Doomwashing, installation view,Juliusz Grabianski and Anna Komitska, AMP Gallery, London, 2023

Juliusz: This makes me think of an essay I’m working on, which will probably be called “shitposting as an artistic methodology”. I’m trying to argue that because any image can now be made using AI, perhaps what will make art stand out is the ability to weave together stories from seemingly fragmented pieces of information, and to construct some kind of a narrative from them - the way meme accounts do.

Anna: I can definitely see this way of working in your recent projects, as well as maybe trying to document internet culture somehow.

Doomwashing, installation view,Juliusz Grabianski and Anna Komitska, AMP Gallery, London, 2023

Juliusz: That’s true, I often try to make sense of what’s going on in the very niche corner of the internet that I was algorithmically assigned to. A lot of my inspiration comes from being online, and I also like to convey that through humour in my work, particularly this slightly resigned, Gen Z type of humour that people turn to because they feel like there isn’t much more they can do. This feeds into this exhibition as well, I’d describe it as an “if we’re all going to die, we might as well look sexy when it happens” attitude. But this sort of humour definitely comes from anxiety, it’s a coping mechanism.

Okay, I have a question for you now. We both come from a photographic background and mostly work with images, yet you only showed one small print in the exhibition, the rest of your work being found objects. How come?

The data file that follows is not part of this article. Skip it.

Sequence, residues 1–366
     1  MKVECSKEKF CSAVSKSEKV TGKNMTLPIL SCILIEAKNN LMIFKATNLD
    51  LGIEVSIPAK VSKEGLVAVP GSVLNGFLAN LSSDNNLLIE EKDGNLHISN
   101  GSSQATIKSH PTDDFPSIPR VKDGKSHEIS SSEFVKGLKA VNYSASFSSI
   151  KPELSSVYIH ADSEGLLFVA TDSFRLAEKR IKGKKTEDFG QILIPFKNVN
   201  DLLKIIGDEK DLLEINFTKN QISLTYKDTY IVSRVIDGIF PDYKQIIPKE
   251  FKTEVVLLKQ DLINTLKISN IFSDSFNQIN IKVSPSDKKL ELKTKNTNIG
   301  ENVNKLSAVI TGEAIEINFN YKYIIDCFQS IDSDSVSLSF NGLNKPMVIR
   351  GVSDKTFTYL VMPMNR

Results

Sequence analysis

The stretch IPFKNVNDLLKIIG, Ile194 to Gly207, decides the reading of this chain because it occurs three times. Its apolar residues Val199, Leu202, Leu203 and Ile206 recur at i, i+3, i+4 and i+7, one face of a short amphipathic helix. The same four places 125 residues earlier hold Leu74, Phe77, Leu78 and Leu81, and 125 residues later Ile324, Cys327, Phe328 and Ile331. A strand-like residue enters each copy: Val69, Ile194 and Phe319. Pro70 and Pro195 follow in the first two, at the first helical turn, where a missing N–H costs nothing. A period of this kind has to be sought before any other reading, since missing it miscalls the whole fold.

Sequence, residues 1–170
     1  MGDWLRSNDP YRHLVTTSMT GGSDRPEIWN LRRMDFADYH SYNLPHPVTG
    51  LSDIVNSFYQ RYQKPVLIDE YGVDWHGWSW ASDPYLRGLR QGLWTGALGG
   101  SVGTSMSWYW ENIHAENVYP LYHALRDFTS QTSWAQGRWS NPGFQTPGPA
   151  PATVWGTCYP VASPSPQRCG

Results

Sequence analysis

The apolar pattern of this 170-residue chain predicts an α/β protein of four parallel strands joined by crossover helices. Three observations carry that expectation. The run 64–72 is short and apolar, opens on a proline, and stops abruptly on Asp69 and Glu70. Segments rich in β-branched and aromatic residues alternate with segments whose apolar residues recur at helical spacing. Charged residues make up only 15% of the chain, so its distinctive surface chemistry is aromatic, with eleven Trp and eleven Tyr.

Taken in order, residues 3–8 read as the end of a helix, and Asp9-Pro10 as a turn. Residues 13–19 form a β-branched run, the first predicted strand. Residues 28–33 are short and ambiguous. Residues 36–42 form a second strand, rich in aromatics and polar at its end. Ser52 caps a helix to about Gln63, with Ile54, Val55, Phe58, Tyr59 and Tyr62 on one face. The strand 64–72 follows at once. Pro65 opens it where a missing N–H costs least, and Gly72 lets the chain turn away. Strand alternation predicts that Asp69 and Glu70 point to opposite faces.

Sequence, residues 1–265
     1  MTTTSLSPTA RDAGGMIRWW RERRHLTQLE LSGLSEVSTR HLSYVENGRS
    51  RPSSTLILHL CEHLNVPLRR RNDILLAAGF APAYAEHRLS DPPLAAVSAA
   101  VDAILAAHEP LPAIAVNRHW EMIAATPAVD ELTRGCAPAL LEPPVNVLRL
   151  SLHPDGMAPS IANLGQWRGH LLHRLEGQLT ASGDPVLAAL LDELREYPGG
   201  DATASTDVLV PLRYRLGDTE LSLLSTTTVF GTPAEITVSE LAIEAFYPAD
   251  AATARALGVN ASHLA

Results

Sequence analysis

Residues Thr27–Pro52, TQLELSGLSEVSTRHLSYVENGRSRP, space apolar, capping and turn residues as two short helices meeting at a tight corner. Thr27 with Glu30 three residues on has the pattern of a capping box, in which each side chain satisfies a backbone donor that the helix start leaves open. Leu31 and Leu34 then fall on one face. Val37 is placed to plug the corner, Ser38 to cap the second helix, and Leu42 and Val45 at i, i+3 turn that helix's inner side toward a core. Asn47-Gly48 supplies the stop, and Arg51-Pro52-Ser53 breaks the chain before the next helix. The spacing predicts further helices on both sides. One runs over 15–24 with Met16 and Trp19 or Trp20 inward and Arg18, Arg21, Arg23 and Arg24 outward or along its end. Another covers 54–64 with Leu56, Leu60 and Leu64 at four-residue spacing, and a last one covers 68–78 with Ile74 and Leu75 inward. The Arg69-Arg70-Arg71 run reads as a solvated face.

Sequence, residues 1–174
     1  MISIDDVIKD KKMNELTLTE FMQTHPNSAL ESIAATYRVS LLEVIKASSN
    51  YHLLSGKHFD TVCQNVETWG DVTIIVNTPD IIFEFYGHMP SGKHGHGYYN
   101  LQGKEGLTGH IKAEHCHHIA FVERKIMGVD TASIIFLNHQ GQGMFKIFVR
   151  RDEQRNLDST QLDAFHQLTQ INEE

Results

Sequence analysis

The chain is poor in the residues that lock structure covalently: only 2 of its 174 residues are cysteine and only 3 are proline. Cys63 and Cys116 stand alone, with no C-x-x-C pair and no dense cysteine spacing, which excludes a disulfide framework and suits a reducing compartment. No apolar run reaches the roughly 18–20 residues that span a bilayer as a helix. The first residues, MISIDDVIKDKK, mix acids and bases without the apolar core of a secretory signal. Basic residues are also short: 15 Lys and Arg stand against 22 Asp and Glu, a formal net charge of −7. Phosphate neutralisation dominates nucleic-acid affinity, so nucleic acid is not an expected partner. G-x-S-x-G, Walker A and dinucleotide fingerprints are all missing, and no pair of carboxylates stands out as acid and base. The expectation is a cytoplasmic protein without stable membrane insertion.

Anna: Ah, good question. I only recognise this in retrospect. My project consisted of a video developed in a game engine. I wanted to bring the latter in for its speculative and computational nature. The output would feel both familiar and mystical, forming a narrative laid across multiple futures. The video features a digital human which performs an animation of my own tracked facial expressions. I was thrilled when people approached me with, “I thought she was a real human”. The sim was intended to observe the gallery visitors. She wasn’t giving us anything, she was just there. A film script developed in collaboration with Chat-GPT3 was running in the form of subtitles at the bottom of the frame. The story describes a walk in the woods. It was referring to our ever-evolving tendency to create meaning out of random elements. My sim recited a regular walk and reading the text, you would hopefully imagine a perfectly normal forest. In fact, the visitor would observe the sim whilst standing inside that forest, possibly meeting her on her walk of the future. The objects lying around in the gallery space - a mixture of found industrial trash and natural elements, were the setting of her story. An installation taken out of a virtual vista - the initial concept of which had been inspired by our physical reality. A post-apocalyptic site where leftover material and simulacra co-exist with nature in mutant forms - appearing both dystopian, alien and natural, underwhelming and inevitable. So, in this forest, just one image appears. It was a picture from Google Earth of the biggest copper mine in the world. It shows the consequences of human labour and destruction on the planet for the sake of extracting a material used extensively in the production of technological devices. What is interesting is that the image was unfamiliar. People had a hard time making out what it depicts. Most of us have no idea about the threat and toxicity we create for our environment - and we seem to not want to know. I think that the dystopian future which writers have speculated about is already here. We feel displaced and cannot fathom to face doom.

Let me ask you about your work then. I know that you have been really interested in metalwork recently, and the work combines this shiny, grinded steel and spray painted acrylic. How did that come about, and is it somehow illustrative of the yassification of Sisyphus?

Doomwashing, installation view,Juliusz Grabianski and Anna Komitska, AMP Gallery, London, 2023